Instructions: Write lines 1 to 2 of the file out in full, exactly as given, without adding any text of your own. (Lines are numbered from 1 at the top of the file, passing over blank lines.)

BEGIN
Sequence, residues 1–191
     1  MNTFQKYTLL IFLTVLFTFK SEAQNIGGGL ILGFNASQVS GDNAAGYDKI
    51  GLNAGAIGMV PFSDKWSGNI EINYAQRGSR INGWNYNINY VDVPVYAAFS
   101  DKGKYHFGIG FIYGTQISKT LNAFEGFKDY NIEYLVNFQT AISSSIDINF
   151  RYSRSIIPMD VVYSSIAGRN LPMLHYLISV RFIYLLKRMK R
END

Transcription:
Sequence, residues 1–191
     1  MNTFQKYTLL IFLTVLFTFK SEAQNIGGGL ILGFNASQVS GDNAAGYDKI